Calvin Hudson is just 20 years old, but giving back to the Bellevue Fire Company and his community is already at the top of his "to do" list.
Hudson was one of three people who showed up Saturday morning at the Cheektowaga volunteer fire company's open house for its recruitment drive -- one of many held this weekend throughout the state as part of a push to recruit more people to become firefighters.
In Erie County, where 55 billboards splash a message for recruitment, the goal is to sign up more than 600 new firefighters.
"Every kid wants to be a firefighter when they grow up," Hudson said.
But he has a special reason.
Five years ago, Hudson suffered a stroke that paralyzed the left side of his body. Bellevue volunteers responded to the emergency.
Hudson has since recovered, after intensive physical therapy. But he won't forget who first came to help him when he was most in need.
"That is a big part of my decision" to sign up, Hudson said. "It's a little way of saying thank you, and I also want to help others," Hudson said.
Like so many other area fire departments, Bellevue is on a mission to pump up its roster after a long decline, during which members either moved out of the area or stepped aside because of the crush of daily routines and jobs.
Keeping the ranks robust has been a challenge for Bellevue, which has a 43-member roster of volunteers ranging from 18 to 83. The department's charter calls for 60 members, but in recent years membership has remained in the low 40s. Bellevue was hoping to pull in six to 10 prospective new members on Saturday.
"We've lost a lot of younger guys to paid firefighting jobs down South. You can't fault them, but it affects us," said Fire Chief Brian Gould. "The change in society has totally affected the way we do business and our manpower. We see the people we do have doing more out of necessity."
To help lure prospective members, Bellevue offers training incentives, courtesy of a $90,000 federal grant awarded to Bellevue and geared toward recruitment and retention.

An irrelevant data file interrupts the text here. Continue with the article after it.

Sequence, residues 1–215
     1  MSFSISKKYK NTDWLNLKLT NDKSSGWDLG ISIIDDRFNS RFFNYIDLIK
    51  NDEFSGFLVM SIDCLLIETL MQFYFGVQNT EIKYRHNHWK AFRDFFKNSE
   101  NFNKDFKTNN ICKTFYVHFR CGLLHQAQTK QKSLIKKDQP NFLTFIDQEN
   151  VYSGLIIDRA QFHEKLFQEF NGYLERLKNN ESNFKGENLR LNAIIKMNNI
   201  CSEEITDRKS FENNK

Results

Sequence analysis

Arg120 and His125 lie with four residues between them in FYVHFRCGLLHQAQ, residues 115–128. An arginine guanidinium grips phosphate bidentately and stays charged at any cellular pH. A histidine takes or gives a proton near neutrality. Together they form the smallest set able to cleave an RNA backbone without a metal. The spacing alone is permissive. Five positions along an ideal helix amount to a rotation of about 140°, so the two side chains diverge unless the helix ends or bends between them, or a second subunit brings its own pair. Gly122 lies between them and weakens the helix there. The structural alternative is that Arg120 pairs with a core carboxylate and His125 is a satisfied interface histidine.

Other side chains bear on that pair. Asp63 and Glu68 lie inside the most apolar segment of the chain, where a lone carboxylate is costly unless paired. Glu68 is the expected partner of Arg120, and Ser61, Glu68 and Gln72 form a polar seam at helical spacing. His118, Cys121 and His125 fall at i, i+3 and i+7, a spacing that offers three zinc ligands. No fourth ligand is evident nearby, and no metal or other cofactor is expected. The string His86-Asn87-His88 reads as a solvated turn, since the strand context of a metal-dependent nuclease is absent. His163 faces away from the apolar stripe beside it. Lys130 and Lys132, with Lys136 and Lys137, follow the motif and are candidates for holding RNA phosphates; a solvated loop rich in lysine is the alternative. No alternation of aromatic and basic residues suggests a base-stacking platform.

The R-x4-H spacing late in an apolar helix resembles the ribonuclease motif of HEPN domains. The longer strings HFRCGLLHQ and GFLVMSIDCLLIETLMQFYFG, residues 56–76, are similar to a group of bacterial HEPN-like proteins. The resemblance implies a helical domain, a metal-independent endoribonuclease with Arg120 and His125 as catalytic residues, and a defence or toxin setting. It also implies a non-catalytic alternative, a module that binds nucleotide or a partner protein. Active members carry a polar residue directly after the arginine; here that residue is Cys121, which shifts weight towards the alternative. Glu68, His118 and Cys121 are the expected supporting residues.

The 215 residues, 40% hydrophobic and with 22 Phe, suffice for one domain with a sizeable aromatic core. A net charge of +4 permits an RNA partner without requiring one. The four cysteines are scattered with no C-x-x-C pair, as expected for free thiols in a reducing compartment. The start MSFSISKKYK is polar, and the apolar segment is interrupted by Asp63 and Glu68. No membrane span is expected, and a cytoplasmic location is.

Lt. Gabe Casucci, Bellevue's recruitment officer, says the 64-year-old department has not reached a critical point yet, but needs to avoid shrinking further as firefighters near retirement age.
"We want to nip it in the bud," firefighter James Havernick said. "There's always something to do, even if someone doesn't feel comfortable working a fire."
Casucci says the department always is looking for "fresh blood" and young members. "We're constantly accepting applications throughout the year," he said.
John Gersitz, 38, was accompanied by his 12-year-old son, Hunter, when he signed up.
"My father was in the volunteer fire service," Gersitz said. "And now is the right time for me, with my work schedule and my two children are a little older. I know there are shortages. It's kind of a shame because so many firefighters are needed. I think people may be afraid, but they train you well."
Gersitz, too, has never forgotten Bellevue's volunteers, who responded to help his daughter when she suffered seizures a while ago.
Kristin Morton, 25, is seriously considering joining, but plans to give it more thought. "I've always wanted to help people, that's why I was interested," she said. "What really sparked my interest was seeing the [recruitment] billboards on the I-90 in the last few weeks."
Morton said she is a little nervous about fighting fires, but said she heard the training is excellent and knows that members can help out in other ways.
"That definitely is a draw, because I've never been involved in a fire before. My family has been very fortunate," she said.
Hudson didn't have to think twice about his decision.
"I'm sold. I've always wanted to help out the community and do something bigger than myself," he said.
New firefighters must be at least 18 and a resident of the fire district. They also must pass a physical. They train for nearly 100 hours and also earn their emergency medical service certification. They face one year of probation.
Gould believes the commitment is worth it.
"You get a lot of pride out of serving your community," he said. "Volunteer service is how it all started. We need our neighbors to come out and help each other."